1955 - 50th reunion

There are by our last count 60 living members of our class. A total of 30 were able to attend the reunion for at least one day, and most for three days. Leo Cardillo, who is still in practice, was able to come for only a short time on Friday, but his presence brought our total attendance to 50 percent. Alan Stone was only able to come for Saturday, but also was a welcome face. (He still looks like he did 50 years ago.)

The committee had made a number of phone calls to members who had not responded to the initial letters. It was really nice to talk to them, but unfortunately the reasons for not coming were usually because of illness of the classmate or spouse. Some were quite ill, but as physicians, we would expect this in a group of people in their 70s. What was encouraging was the general overall health of our group. Almost everyone is retired and finding many interesting and productive pursuits to keep them busy.

The week after the reunion, I went to Atlanta for another event, and was able to have lunch with Roger Lester, who could not come to the reunion because of another commitment. He is doing some scholarly work in history and philosophy, and was giving some lectures the weekend of the reunion. He will be at the 55th.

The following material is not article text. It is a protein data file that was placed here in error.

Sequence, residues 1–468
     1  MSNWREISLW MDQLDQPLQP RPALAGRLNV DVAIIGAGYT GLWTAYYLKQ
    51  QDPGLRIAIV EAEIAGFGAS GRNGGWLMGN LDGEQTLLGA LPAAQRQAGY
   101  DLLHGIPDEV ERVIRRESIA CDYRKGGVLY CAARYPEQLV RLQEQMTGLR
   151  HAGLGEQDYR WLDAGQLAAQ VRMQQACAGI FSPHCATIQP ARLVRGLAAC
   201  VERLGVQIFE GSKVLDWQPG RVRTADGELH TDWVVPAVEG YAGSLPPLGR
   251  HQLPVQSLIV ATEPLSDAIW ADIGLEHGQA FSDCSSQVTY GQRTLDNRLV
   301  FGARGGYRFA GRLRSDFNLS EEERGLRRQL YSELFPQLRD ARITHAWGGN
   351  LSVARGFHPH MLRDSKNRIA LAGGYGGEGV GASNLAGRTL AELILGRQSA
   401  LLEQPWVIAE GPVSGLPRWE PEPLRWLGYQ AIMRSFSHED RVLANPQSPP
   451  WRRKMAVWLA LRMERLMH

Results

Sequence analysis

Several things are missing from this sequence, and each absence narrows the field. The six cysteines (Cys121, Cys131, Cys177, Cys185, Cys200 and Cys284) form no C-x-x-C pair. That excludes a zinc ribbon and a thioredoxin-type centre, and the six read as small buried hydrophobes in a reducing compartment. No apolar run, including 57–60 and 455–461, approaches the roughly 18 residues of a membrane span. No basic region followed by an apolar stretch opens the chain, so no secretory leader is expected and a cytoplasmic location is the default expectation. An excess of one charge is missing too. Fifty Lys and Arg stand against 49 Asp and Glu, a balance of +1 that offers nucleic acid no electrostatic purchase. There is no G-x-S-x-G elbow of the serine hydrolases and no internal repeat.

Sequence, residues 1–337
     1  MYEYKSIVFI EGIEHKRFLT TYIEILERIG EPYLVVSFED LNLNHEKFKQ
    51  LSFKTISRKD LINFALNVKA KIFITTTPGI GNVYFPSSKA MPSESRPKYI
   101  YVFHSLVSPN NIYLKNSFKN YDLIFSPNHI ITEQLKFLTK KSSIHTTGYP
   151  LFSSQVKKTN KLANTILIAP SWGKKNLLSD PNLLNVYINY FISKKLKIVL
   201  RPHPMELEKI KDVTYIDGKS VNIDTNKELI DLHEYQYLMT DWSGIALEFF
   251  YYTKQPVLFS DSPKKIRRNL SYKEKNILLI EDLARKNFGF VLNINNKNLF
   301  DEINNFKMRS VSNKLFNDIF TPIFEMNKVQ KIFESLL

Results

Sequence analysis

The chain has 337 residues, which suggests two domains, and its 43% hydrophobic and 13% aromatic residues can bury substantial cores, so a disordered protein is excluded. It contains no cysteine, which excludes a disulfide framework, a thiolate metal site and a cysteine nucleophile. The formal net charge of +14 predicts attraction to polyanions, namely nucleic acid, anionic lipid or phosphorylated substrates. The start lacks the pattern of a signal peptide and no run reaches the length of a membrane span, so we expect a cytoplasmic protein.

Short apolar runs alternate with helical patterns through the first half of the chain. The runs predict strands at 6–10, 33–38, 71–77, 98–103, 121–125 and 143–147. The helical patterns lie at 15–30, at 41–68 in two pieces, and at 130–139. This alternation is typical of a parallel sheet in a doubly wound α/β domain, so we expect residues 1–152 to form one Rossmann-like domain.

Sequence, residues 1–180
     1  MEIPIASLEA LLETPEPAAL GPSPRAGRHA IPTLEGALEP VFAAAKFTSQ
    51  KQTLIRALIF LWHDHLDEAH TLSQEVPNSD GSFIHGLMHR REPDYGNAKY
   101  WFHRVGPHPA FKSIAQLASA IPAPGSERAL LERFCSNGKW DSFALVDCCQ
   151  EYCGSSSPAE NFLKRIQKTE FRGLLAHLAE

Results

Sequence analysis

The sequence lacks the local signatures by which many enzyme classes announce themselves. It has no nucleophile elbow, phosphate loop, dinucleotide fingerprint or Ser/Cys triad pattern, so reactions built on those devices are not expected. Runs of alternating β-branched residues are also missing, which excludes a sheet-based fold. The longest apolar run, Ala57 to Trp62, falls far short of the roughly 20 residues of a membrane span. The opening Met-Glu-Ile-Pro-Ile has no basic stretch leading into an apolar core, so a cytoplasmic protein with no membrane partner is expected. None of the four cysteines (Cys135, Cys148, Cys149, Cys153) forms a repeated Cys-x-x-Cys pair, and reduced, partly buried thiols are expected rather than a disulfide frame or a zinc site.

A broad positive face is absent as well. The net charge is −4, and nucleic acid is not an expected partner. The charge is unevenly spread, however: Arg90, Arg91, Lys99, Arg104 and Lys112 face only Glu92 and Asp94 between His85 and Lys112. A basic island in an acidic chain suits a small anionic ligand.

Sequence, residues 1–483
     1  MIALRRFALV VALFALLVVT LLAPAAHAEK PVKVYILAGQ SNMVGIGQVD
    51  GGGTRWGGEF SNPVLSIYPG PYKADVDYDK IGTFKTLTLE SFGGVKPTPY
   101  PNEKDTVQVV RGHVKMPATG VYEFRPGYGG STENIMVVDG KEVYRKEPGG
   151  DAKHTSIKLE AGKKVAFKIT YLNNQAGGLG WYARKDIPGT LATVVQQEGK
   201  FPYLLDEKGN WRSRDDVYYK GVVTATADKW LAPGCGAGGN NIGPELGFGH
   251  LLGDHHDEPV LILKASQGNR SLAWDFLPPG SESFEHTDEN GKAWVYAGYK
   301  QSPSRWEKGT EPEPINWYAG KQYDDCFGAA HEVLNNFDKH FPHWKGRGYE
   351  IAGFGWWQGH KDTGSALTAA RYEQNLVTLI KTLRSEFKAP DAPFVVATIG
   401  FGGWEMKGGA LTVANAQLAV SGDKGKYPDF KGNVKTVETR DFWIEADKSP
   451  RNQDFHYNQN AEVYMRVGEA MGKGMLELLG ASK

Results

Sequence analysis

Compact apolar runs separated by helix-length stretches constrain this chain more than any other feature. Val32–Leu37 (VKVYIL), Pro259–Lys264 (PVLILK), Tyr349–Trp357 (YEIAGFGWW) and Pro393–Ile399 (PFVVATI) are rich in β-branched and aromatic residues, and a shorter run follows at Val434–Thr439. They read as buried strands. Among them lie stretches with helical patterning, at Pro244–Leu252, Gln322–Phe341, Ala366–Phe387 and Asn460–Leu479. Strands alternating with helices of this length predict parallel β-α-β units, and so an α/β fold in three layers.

Again, one of our classmates was honored; Shep Nuland received the Distinguished Alumni Service Award. As usual, he was gracious and articulate in his acceptance speech.

We were fortunate in having our oldest classmate, Pat Costa, attending as well as our youngest, Guy McKhannHarry Kendall and Sandy Zuckerbraun traveled from distant California with Wanda and Ruth to attend. Sandy is still in practice and because he sees many Mexican-Americans, he has become fluent in Spanish. You see, you can teach an old horse new tricks.

Frank Johnson is retired, but still lives in the vast outreaches of Montana. Milt Corn was in from Bethesda, Md., where he is active in what seems like an important but somewhat confusing project at the NIH. I’m sure with his involvement it is important.

Jim Garlington is now working on a project to collect digital pictures from the reunion and also some from people who could not attend. He is going to put them on a CD and send it to all class members. I thought it was a great idea, and he is to be congratulated for this work. See you at the 55th.

Jack Landau